A Rare Look at Impact
While ransomware and other disruptive cyber incidents have been surging in the healthcare sector, especially during the COVID-19 pandemic, a public view into the financial impact is relatively rare because so many healthcare provider organizations in the U.S. are not-for-profit entities that don't file financial statements with the Securities and Exchange Commission.
"Senior leaders need to ... be aware of the potential disruption of the overall operations of the organization and be prepared to address them."
—Marti Arvin, CynergisTek
"The type of losses suffered and reported by UHS are not unique to for-profit, public healthcare entities," says regulatory attorney Marti Arvin of the privacy and security consultancy CynergisTek.
"The not-for-profit entities suffer very similar financial impacts from a ransomware attack. However, the not-for-profit entities do not have the same reporting obligations as a public entity like UHS, thus hearing about the loss is less common."
Other organizations hit by ransomware have also reported that they expect insurance to cover much of the resulting expenses.
For example, last fall, executives at cloud-based fundraising software vendor Blackbaud, which suffered a ransomware attack in May, told Wall Street analysts that they expected cyber insurance to cover the bulk of the costs of the incident, which affected hundreds of Blackbaud's clients worldwide.
Arvin warns, however: "Organizations must carefully review the coverage criteria for any cyber insurance policy to determine the amount of coverage, whether it has limitations tied to the number of events, an overall dollar limitation regardless of the number of events, the exact nature of the costs that will be covered or reimbursed by the insurance and/or whether any limitations on coverage make the cost of the insurance worth it.
"As with most types of insurance, the more an organization is willing to pay in premiums the better the coverage."
Impact on Safety
The potential safety impact of cyberattacks on healthcare entities should not be overlooked, security experts say.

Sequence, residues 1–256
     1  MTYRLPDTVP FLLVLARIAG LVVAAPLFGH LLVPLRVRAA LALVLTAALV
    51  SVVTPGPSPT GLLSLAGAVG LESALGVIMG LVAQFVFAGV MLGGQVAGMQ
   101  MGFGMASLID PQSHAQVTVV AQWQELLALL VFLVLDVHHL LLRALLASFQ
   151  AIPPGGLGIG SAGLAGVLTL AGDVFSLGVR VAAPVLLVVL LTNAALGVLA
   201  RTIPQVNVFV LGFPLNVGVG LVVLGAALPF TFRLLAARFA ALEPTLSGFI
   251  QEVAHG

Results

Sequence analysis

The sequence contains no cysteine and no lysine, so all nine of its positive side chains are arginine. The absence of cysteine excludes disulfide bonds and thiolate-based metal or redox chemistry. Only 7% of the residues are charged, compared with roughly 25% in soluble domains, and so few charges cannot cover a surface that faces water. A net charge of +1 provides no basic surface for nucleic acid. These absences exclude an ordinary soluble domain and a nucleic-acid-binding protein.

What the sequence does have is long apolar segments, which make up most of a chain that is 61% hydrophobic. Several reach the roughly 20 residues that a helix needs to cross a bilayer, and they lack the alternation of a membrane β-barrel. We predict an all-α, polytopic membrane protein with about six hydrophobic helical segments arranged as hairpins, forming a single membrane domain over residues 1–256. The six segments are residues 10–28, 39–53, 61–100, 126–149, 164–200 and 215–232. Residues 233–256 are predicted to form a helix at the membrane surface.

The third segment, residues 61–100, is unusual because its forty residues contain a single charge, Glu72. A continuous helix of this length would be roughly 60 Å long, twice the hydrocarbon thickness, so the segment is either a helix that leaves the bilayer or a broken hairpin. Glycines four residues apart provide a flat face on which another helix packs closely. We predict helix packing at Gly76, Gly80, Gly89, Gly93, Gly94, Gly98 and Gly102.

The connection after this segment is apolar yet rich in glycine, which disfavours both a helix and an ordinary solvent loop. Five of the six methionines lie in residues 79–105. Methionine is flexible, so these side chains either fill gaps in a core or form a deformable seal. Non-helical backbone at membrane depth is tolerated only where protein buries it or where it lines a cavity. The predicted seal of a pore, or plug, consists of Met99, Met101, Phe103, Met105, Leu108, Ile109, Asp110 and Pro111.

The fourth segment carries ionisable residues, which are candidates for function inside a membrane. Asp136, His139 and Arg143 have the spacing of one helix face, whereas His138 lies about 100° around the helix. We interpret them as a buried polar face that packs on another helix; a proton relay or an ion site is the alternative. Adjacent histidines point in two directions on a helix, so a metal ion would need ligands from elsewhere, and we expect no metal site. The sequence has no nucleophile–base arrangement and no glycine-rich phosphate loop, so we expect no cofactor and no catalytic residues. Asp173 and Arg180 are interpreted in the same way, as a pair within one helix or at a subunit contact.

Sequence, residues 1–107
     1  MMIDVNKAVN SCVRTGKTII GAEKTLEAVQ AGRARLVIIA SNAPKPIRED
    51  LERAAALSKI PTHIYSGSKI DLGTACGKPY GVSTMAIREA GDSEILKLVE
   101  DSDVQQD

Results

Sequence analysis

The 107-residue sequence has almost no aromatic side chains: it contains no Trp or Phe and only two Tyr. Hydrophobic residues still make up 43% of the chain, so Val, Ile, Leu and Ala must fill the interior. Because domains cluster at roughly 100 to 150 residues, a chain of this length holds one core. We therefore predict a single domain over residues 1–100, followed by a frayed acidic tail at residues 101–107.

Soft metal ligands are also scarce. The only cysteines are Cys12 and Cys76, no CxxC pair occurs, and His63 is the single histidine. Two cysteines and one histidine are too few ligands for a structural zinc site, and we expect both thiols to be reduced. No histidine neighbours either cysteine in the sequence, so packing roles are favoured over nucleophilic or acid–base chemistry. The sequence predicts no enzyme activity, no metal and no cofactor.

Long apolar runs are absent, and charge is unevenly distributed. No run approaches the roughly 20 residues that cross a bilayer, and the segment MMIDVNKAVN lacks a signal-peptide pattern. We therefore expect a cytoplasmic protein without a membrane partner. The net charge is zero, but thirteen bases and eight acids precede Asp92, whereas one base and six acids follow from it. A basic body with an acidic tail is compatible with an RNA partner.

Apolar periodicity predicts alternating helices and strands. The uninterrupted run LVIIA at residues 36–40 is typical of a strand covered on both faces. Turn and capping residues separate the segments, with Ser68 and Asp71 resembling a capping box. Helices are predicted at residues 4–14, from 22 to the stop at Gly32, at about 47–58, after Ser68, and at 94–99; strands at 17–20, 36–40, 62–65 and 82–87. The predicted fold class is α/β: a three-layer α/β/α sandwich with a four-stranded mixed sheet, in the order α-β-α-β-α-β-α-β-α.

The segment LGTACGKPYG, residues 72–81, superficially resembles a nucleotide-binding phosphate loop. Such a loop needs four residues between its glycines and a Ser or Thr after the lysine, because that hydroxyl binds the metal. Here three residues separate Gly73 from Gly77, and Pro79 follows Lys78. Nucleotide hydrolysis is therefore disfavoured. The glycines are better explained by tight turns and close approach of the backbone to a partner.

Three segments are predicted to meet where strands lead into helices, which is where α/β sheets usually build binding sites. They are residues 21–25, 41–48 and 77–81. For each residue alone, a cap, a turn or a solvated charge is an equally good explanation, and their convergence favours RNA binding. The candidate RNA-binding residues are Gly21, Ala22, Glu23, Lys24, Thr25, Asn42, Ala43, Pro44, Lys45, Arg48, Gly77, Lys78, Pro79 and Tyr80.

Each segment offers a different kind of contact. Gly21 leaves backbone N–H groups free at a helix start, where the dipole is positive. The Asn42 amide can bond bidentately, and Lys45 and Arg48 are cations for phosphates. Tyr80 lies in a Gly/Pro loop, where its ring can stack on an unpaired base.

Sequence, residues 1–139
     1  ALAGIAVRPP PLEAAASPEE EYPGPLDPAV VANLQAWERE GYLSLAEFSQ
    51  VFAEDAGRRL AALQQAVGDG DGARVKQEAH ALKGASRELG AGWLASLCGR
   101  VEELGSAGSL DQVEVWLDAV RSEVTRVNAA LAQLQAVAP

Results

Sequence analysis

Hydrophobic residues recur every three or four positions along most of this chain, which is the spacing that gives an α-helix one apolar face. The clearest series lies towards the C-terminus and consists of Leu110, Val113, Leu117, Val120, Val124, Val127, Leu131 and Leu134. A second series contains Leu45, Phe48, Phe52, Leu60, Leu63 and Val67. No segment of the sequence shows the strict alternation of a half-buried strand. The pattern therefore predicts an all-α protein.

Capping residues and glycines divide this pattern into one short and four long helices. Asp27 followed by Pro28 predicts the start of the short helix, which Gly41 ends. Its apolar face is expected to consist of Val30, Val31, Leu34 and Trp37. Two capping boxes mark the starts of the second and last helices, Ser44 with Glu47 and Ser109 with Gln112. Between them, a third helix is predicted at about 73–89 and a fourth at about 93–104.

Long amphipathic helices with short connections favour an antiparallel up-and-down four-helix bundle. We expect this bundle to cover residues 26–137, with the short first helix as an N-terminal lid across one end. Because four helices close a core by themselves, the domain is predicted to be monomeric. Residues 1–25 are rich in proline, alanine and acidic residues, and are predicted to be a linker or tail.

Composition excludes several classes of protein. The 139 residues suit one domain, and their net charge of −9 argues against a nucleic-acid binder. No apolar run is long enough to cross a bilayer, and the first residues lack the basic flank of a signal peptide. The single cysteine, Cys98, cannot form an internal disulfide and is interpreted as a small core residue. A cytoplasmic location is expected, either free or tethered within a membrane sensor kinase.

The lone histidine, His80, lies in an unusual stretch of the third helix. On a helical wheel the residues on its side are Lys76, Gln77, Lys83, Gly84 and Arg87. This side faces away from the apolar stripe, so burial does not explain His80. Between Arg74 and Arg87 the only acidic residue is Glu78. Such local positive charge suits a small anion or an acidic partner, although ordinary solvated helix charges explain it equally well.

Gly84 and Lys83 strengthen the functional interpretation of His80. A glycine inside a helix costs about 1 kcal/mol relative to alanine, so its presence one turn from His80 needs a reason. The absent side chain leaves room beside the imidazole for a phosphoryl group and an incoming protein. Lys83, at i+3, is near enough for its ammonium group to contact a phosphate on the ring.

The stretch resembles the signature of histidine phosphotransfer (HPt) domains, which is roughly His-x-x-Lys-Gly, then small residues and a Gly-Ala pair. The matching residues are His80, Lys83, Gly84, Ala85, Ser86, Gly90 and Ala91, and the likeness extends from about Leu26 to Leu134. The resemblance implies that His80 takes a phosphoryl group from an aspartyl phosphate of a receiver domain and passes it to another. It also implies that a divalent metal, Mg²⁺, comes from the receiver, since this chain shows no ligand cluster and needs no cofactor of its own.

"The UHS attack created a horrible scenario in which critical patient response was interrupted, re-routed, etc.," says Jim Van Dyke, founder and CEO of security firm Breach Clarity.
"Patient safety issues stemming from cyber incidents deserve a paramount level of attention from healthcare entities."
—Jim Van Dyke, Breach Clarity
"We’ve talked about the potential for this for years, and with the medical industry relying on automated methods for provider and patient service delivery, there is no reason to believe that this impact or fallout was unique to UHS. The more we rely on technology, the higher the risk to all providers and patients."
"Patient safety issues stemming from cyber incidents deserve a paramount level of attention from healthcare entities," Van Dyke says. "As providers and patients increasingly rely on timely and accurate provision of information, the potential disruption of such IT methods runs the risk of becoming all the more crippling when systems fail.
"Taking that a step further, the risks from such plausible scenarios like delayed patient response, inaccuracies stemming from chaos - as a hypothetical example, a potential inaccurate blood type reading - and more could have devastating consequences."
Although enterprises that have suffered a ransomware attack often state that no personal data was accessed or exposed, it's always important "to monitor this situation over the longer term to see if this position is confirmed by security forensics experts," Van Dyke says.
"The main takeaway is to separate the immediate and known costs from any potential longer-term fallout, because identity crimes represent a well-known payoff to cybercriminals."
The bottom line is that to avoid the financial impact of ransomware attacks, healthcare organizations need to step up their cyber defenses.
"Having a strong cybersecurity infrastructure in place and having a strong incident response process in place are key factors," Arvin says.
"A good incident response exercise will take into account the impact of the incident across the entire enterprise and not simply look at the impact on the information technology team. It should involve all the key stakeholders. Senior leaders need to participate and be aware of the potential disruption of the overall operations of the organization and be prepared to address them."